Trump: I’ll Strip Federal Funding From Philadelphia
At a news conference on Wednesday afternoon, Donald Trump’s press secretary told reporters that the president has signed an executive order to strip federal grant funding from so-called “sanctuary cities.” Philadelphia is one of them.
“Federal agencies are going to unapologetically enforce the law — no ifs, ands or buts,” White House press secretary Sean Spicer said today. “We’re going to strip federal grant money from the sanctuary states and cities that harbor illegal immigrants. The American people are no longer going to have to subsidize this disregard for our laws.”
Lauren Hitt, a spokesperson for Mayor Jim Kenney, said in a statement that the city has no plans to change its policy. “Today’s executive order was simply a directive and did not even make clear if there were any significant funding streams that the Trump administration could cut off to Philadelphia,” she said.
The city received $408 million in federal funding in the 2015 fiscal year, the most recent for which full totals are available. The White House did not explain how Trump would strip funding from cities; some legal scholars say he may not be able to do it.
The text of Trump’s executive order, which was released after Spicer made his statement, said that sanctuary cities “are not eligible to receive Federal grants, except as deemed necessary for law enforcement purposes by the Attorney General or the Secretary.”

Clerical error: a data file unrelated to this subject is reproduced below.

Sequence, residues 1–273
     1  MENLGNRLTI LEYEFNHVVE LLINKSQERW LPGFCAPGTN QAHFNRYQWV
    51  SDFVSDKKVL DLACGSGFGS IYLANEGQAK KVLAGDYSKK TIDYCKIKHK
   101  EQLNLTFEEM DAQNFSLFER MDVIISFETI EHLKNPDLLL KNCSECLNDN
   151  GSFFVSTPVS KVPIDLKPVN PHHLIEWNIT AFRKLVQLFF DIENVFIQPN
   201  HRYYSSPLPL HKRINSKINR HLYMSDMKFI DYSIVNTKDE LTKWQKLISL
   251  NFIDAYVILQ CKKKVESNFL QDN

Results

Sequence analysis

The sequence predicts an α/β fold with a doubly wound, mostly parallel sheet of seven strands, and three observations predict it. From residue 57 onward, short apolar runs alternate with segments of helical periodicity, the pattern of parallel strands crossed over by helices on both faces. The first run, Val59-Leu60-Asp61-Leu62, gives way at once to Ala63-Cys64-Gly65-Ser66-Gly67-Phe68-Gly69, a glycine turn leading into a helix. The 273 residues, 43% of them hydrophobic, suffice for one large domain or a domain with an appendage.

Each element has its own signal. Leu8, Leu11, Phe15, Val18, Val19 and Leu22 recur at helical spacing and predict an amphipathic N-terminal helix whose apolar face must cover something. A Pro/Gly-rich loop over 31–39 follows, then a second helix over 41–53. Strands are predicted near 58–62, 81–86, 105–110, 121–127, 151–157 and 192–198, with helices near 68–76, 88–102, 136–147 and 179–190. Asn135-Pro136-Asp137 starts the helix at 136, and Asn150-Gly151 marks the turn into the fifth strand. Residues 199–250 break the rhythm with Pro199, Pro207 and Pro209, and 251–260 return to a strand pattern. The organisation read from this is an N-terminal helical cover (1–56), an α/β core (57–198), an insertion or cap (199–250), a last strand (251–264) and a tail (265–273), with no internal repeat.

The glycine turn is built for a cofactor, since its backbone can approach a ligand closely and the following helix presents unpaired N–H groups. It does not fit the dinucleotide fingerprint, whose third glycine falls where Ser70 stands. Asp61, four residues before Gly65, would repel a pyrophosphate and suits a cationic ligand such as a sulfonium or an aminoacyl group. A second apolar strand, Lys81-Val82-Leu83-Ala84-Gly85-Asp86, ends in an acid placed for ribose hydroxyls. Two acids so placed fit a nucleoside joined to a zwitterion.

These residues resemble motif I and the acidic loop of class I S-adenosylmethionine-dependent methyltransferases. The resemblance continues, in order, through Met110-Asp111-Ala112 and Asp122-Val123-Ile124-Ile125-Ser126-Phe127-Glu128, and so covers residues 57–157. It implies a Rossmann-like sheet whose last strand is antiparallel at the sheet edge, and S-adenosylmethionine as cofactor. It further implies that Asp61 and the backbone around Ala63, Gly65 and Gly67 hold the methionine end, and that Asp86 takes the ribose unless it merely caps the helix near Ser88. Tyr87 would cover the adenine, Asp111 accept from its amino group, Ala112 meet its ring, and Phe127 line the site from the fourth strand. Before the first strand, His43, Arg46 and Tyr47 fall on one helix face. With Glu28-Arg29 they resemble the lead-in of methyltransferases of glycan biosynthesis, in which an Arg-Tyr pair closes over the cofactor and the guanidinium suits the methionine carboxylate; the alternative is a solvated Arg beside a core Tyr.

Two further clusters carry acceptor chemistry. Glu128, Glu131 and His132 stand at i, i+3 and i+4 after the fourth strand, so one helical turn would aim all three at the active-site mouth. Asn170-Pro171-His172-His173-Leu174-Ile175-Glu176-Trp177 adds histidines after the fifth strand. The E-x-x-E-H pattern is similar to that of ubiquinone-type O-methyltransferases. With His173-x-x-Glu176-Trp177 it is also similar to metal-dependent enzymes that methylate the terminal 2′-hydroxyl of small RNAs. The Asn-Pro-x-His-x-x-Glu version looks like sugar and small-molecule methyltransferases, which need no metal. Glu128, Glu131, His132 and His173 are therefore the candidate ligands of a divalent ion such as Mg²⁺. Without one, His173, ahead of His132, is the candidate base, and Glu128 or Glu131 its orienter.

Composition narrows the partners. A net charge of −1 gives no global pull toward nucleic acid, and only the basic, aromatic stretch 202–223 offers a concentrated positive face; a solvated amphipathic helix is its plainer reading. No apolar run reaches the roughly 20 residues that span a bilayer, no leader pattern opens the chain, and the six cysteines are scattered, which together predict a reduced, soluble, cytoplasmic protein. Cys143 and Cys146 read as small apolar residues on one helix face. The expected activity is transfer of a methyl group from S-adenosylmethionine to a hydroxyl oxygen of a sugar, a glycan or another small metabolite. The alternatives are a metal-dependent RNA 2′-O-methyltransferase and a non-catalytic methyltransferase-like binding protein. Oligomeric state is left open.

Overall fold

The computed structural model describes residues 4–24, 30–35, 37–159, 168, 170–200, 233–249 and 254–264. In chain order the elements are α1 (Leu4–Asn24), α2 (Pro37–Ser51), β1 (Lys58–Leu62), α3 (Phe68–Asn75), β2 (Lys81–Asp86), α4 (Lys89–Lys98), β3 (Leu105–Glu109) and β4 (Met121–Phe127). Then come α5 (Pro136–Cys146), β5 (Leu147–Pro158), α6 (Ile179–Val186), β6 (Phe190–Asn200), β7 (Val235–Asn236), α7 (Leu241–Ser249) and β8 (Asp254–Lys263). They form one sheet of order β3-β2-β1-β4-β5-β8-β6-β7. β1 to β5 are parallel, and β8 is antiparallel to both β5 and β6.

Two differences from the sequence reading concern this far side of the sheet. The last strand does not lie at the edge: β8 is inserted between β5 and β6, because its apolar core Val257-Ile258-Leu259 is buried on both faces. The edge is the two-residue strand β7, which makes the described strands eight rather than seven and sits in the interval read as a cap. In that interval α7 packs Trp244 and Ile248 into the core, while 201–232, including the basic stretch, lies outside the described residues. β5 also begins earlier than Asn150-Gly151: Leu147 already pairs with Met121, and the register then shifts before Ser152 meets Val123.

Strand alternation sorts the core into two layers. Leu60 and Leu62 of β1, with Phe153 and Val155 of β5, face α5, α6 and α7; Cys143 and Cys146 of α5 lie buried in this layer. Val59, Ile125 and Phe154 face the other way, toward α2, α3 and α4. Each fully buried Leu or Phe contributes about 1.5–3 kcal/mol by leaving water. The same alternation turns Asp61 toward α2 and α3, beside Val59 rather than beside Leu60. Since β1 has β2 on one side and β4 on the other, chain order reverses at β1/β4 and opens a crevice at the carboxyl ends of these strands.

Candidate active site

“We are not by any means saying that all of that money is at risk,” Hitt told Philadelphia magazine. “Some federal funding is mandated by federal law, and thus would require action by Congress to change.”
The term sanctuary city has no legal meaning. But it’s become a term to refer to cities that have rules, explicit or not, that prohibit local law enforcement from checking into a person’s immigration status and using funds to enforce federal immigration laws.
In January, Mayor Jim Kenney signed an order that restored Philadelphia’s status as such a city, barring almost all cooperation between local cops and federal immigration authorities.
There are multiple reasons why a city like Philadelphia does this. Undocumented immigrants can go to the police to report crimes or other issues without fear of getting deported. This encourages the reporting of crime by people who might otherwise fear the local police, which in theory makes the city safer.
There’s more: Immigrants are residents of the city too, and contribute in various ways to Philadelphia. Cities and states disobey federal laws they find unjust all the time; multiple states that have legalized the commercial sale of recreational or medical marijuana, a substance that remains illegal under federal law. Federal immigration courts are backed up, and cities may want to keep their residents out of them. The deportation of wage-earners in Philadelphia could cause problems for their families, who often receive remittances.
Per a survey by Pew, 58 percent of residents said they supported the status of Philly as a sanctuary city.
Though immigrants by and large are less likely to commit crimes, opponents of sanctuary cities often point to crimes committed by illegal immigrants who they say should have been deported earlier. Trump, as well as U.S. Sen. Pat Toomey, oppose sanctuary cities. President Barack Obama did, too, but did not threaten to take away federal funding.
It’s not just Philadelphia that is a sanctuary city in the area. According to the Center for Immigration Studies, which wants fewer numbers of immigrants admitted to the country, Bucks, Chester, Montgomery, and Delaware are all sanctuary counties.